How to find friends

Try these tips to help you form friendships

Places to look

  • If you have a friend, look at her circle of friends. The same thing that attracted you to the friend you have may be found in those she likes as well.
  • Reconnect with people you used to be friends with.
  • Join a club focused on an interest. You’re guaranteed to meet people with at least one thing in common with you.
  • Volunteer. There is nothing that builds camaraderie like serving alongside someone.
  • Start with a pen pal. Try www.postcrossing.com.
  • Keep it in the family. Dr. Dan Peters recommends cousins. “Cousins have a great potential to be a bridge to developing relationships outside the family. They share the same gene pool, and they have some of the same built-in characteristics, the same environmental exposure.”

Ways to behave

  • Accept invitations, even if you’re not sure you’ll like the activity. Part of being a friend is not always having it your way.
  • Practice extending invitations ahead of time. It can be nerve-wracking to risk rejection, so practice how you will extend the invitation, as well as how you will respond to every possible reply.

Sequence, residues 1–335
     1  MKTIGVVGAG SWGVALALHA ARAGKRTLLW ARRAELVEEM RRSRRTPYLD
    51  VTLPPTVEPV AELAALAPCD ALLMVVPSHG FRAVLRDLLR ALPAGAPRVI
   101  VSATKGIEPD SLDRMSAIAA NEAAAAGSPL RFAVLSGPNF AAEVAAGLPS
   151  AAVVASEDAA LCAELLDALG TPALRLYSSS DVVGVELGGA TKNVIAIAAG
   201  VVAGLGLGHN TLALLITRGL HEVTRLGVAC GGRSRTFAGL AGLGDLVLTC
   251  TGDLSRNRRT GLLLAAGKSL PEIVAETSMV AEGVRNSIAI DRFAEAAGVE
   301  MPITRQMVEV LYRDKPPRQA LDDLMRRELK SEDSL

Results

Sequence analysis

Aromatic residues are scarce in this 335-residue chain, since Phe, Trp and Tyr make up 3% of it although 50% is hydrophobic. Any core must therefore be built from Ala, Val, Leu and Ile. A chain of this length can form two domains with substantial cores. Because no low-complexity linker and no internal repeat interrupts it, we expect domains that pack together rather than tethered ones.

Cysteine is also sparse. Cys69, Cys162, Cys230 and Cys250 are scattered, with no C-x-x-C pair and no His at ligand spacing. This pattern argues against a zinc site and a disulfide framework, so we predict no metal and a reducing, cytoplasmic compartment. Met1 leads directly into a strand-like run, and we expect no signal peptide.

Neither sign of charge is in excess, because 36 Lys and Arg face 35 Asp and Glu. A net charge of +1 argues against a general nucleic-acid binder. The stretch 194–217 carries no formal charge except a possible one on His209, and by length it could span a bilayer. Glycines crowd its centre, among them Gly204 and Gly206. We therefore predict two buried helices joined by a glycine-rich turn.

• Practice “small talk.” Practice talking about the mundane things that people talk about to make conversation as they are exploring if they want to get to know the person better.
  • Decide on a place to go or something to do ahead of time so you have a specific invitation to extend.
  • Get help. If children are struggling socially, parents can try to locate social skills groups that work on perspective.

Keeping friends

  • Understand reciprocity. If you do something you chose one time, let your friend choose the next time, and don’t pout the whole time, either.
  • Manage jealousy. Recognize that being your friend doesn’t mean the person has to abandon all other friends and interests.
  • Don’t push friends away. Evaluate behaviors you may have or words you may use that alienate others.
  • End on a high. Don’t wait until you’re sick of each other and fighting to end the time together.

Titles on friendship for kids

  • Charlotte’s Web by E.B. White
  • Wind in the Willows by Kenneth Grahame
  • Holes by Louis Sachar
  • Bridge to Terabithia by Katherine Paterson
  • Frog & Toad series by Arnold Lobel
  • The Tiger Rising by Kate DiCamillo
  • Wanted: Best Friend by A.M. Monson
  • Big Al by Andrew Clements
  • Because of Winn-Dixie by Kate DiCamillo
  • The Sign of the Beaver by Elizabeth George
  • The Cay by Theodore Taylor

Titles on friendship for adults

  • Divine Secrest of the Ya-Ya Sisterhood by Rebecca Wells
  • Where the Heart Is by Billie Letts
  • The Guernsey Literary and Potato Peel Pie Society by Mary Ann Shaffer
  • The Story of My Life by Helen Keller
  • MWF Seeking BFF: My Yearlong Search for a New Best Friend by Rachel Bertsche